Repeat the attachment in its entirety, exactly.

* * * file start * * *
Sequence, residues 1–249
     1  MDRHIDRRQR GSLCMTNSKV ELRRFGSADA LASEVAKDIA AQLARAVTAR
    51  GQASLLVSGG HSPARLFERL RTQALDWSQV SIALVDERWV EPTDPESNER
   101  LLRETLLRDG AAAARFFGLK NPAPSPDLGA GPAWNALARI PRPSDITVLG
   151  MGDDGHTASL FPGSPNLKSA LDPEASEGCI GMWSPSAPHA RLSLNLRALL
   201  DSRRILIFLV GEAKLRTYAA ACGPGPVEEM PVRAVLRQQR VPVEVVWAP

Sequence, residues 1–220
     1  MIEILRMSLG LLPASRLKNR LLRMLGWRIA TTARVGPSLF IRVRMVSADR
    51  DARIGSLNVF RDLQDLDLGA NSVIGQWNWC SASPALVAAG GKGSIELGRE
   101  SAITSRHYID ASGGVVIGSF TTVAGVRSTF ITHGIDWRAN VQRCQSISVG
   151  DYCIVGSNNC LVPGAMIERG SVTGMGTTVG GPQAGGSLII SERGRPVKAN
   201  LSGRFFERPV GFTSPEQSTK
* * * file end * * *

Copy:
Sequence, residues 1–249
     1  MDRHIDRRQR GSLCMTNSKV ELRRFGSADA LASEVAKDIA AQLARAVTAR
    51  GQASLLVSGG HSPARLFERL RTQALDWSQV SIALVDERWV EPTDPESNER
   101  LLRETLLRDG AAAARFFGLK NPAPSPDLGA GPAWNALARI PRPSDITVLG
   151  MGDDGHTASL FPGSPNLKSA LDPEASEGCI GMWSPSAPHA RLSLNLRALL
   201  DSRRILIFLV GEAKLRTYAA ACGPGPVEEM PVRAVLRQQR VPVEVVWAP

Sequence, residues 1–220
     1  MIEILRMSLG LLPASRLKNR LLRMLGWRIA TTARVGPSLF IRVRMVSADR
    51  DARIGSLNVF RDLQDLDLGA NSVIGQWNWC SASPALVAAG GKGSIELGRE
   101  SAITSRHYID ASGGVVIGSF TTVAGVRSTF ITHGIDWRAN VQRCQSISVG
   151  DYCIVGSNNC LVPGAMIERG SVTGMGTTVG GPQAGGSLII SERGRPVKAN
   201  LSGRFFERPV GFTSPEQSTK